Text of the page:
• Advancement in geo-information technology and applications to watersheds;
  • Application of Google Earth Engine to watershed science;
  • Spatial–temporal models of watershed processes;
  • Big data and watershed characterization;
  • Use of GIS and geoprocessing in watershed modeling;
  • Remote sensing and geovisualization for watershed landscape evolution;
  • Monitoring dynamic changes in watershed land surface;
  • Watershed road extraction from aerial images using machine learning;
  • Soil contamination or soil pollution in watersheds;
  • Watershed ecosystem monitoring and evaluation;
  • Illegal reclamation in watersheds;
  • Watershed landslide detection and debris quantification;
  • Check dam detection in watersheds;
  • Sheet/rill erosion and gully erosion of watersheds;
  • Soil erosion hotspot analysis in watersheds;
  • Sediment transport and yield in watersheds;
  • Watershed management under climate change;
  • Sustainable development of watersheds;
  • Sustainable construction in watersheds;
  • Forest and forest profile mapping in watersheds;
  • Watershed land use and land cover classification;
  • Watershed virtual tourism;
  • Watershed reservoir management and siltation removal;
  • Watershed natural disaster mitigation;
  • Watershed disaster alerts and protocols;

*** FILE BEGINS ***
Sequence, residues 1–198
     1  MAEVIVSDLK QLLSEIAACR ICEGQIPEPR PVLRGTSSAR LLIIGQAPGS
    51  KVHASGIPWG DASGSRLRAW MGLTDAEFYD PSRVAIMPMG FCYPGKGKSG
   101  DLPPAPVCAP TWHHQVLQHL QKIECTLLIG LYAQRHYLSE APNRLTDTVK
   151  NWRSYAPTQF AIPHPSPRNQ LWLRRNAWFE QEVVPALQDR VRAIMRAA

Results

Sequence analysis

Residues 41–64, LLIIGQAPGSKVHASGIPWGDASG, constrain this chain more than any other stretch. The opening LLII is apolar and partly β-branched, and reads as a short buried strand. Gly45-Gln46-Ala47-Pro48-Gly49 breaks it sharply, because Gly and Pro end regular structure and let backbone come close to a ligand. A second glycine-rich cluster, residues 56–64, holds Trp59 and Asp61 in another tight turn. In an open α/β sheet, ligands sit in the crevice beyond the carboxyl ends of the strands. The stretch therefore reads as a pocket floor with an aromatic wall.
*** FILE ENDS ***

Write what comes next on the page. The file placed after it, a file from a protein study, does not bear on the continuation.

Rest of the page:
• Project-based learning applied to watershed science.

Prof. Dr. Walter Chen
Prof. Dr. Fuan Tsai
Guest Editors

Manuscript Submission Information

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Submitted manuscripts should not have been published previously, nor be under consideration for publication elsewhere (except conference proceedings papers). All manuscripts are thoroughly refereed through a single-blind peer-review process. A guide for authors and other relevant information for submission of manuscripts is available on the Instructions for Authors page. ISPRS International Journal of Geo-Information is an international peer-reviewed open access monthly journal published by MDPI.

Please visit the Instructions for Authors page before submitting a manuscript. The Article Processing Charge (APC) for publication in this open access journal is 1400 CHF (Swiss Francs). Submitted papers should be well formatted and use good English. Authors may use MDPI's English editing service prior to publication or during author revisions.

Keywords

  • watershed
  • Google Earth Engine
  • machine learning
  • remote sensing
  • soil erosion
  • sediment transport
  • climate change
  • ecosystem monitoring
  • landslide
  • disaster mitigation
  • land use
  • land cover
  • sustainable construction

Published Papers (16 papers)

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Article